Fixing opensuse partition boot / root


Recently i have upgraded the HDD in my laptop with a SSD. My laptop dual boots win 8 and Opensuse
Also the Opensuse root partition is encrypted with a separate boot partition.

After changing out the drives for the new ssd, i have been trying to boot into my old hard drive’s opensuse partition from an external HDD closure i placed the old drive in.
However i always receive an error that root partition can not be found.

I’m thinking this is because the un-encrypted boot partition is set to look for the encrypted root partition on something like “sda3” and because the drive is now not the internal drive, the partition for root is “sdb3” or something similar.

So my question is can someone please help me change the partition address that GRUB is looking for the root partition on.

Thank You!

This is most likely due to not being able to read an external drive because the needed module is not in the “initrd”.

Boot opensuse. If you don’t have a bootable one on the hard drive, then boot the live Rescue CD or similar. Make sure it is the same architecture (32bit or 64bit) as what is on that external drive.

Mount the root partition of the external drive as “/mnt”. If that requires some crypto, you will have to do that manually.

Mount the boot partition as “/mnt/boot”. Similarly, mount any other partitions (such as home) to the correct relative location.


# mount --bind /dev /mnt/dev
# mount --bind /proc /mnt/proc
# mount --bind /sys /mnt/sys

That should get everything mounted as needed. Then

# chroot /mnt
# mkinitrd
# exit

That should rebuild the “initrd”. This time, it should add the modules needed to access the partitions on the external drive.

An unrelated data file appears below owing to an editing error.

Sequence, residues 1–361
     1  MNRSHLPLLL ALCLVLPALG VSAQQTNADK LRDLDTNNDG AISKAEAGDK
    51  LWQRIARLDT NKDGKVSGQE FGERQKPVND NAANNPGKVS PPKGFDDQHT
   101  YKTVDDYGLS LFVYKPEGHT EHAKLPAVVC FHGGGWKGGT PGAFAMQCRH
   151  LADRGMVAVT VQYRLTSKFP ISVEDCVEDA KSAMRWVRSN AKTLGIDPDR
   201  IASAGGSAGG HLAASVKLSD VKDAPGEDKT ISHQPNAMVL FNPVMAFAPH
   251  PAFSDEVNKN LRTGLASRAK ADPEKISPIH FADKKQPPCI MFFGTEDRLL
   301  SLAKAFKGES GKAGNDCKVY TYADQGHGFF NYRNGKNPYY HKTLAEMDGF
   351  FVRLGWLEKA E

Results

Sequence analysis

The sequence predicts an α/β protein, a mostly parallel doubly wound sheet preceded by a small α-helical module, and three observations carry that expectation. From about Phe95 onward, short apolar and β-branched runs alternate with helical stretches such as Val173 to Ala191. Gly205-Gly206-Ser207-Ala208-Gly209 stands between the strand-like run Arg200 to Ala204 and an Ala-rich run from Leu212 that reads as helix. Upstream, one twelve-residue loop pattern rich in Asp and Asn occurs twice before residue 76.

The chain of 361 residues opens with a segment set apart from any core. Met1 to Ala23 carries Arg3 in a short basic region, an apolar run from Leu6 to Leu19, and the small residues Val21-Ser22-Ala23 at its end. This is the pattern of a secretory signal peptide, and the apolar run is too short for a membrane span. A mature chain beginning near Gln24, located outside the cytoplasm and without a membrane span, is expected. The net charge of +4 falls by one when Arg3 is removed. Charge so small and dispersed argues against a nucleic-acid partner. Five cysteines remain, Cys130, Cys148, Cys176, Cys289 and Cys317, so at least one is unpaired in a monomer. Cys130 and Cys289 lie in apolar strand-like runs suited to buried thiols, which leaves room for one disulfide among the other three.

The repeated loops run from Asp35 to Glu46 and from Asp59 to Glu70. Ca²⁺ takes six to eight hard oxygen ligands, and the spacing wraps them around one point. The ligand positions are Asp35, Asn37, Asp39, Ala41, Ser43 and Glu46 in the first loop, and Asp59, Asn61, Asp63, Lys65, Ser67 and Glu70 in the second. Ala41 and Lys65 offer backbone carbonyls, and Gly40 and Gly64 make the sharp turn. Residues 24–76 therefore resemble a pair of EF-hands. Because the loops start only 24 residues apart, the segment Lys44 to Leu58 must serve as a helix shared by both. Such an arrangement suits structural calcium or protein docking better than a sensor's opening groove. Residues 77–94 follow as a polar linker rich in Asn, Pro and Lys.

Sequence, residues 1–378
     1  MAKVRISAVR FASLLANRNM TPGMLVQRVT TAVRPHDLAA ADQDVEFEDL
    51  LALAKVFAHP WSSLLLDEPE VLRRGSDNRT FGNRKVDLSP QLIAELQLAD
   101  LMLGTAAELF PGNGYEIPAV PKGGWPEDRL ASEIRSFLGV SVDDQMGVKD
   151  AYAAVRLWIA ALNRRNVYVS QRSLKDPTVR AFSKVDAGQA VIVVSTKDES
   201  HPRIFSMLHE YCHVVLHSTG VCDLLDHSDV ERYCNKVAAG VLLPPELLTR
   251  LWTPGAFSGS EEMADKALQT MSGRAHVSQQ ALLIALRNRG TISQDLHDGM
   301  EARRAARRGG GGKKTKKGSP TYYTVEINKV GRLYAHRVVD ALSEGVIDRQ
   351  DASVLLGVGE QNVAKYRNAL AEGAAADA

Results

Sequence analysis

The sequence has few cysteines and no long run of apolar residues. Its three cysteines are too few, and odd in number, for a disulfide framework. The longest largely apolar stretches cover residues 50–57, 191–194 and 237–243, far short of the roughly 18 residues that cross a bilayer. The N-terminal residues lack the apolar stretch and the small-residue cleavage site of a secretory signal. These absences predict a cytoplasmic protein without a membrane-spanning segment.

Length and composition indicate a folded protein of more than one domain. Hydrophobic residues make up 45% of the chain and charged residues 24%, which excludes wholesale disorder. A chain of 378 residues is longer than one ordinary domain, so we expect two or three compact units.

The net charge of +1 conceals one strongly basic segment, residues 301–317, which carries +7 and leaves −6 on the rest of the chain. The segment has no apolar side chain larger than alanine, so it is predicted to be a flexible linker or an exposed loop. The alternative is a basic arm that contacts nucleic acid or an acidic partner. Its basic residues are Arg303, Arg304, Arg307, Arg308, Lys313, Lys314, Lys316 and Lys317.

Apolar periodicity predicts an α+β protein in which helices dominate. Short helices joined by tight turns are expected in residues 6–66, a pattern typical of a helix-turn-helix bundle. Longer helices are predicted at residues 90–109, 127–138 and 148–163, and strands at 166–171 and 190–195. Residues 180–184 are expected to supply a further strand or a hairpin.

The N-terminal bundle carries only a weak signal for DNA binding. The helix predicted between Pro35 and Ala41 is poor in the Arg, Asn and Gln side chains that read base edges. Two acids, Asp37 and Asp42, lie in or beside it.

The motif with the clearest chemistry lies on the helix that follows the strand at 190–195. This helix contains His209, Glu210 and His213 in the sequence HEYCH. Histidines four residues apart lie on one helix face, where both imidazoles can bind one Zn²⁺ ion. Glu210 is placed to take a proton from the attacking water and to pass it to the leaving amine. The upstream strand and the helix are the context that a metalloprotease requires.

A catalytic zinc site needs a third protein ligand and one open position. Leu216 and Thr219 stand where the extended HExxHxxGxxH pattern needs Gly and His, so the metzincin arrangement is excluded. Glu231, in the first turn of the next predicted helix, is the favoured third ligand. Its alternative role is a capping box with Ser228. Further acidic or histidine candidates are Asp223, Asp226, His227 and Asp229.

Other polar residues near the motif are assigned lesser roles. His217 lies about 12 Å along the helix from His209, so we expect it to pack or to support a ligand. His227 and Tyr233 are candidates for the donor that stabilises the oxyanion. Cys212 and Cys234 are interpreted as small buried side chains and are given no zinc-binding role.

On 2014-06-14 07:26, nrickert wrote:

> That should rebuild the “initrd”. This time, it should add the modules
> needed to access the partitions on the external drive.

As the drives have been changed, it is also possible that fstab has to
be edited to adapt. And grub as well.

Cheers / Saludos,

Carlos E. R.
(from 13.1 x86_64 “Bottle” at Telcontar)

Yes, a good point. If “/etc/fstab” uses device names (such as “/dev/sda1”), you will have a problem. If it uses device ID or UUID or label, it is probably okay.

I should add that I went through something similar about a year ago. An older computer that I was using for a desktop failed on me (power supply problem). I had a replacement available and switched to that. The disk drive was still good, so I put in an external enclosure and tried to boot. I ran into exactly the same problem. Grub could read the disk, but the opensuse system that I was booting could not.

I went through the procedure described in my earlier comment, and that got it working.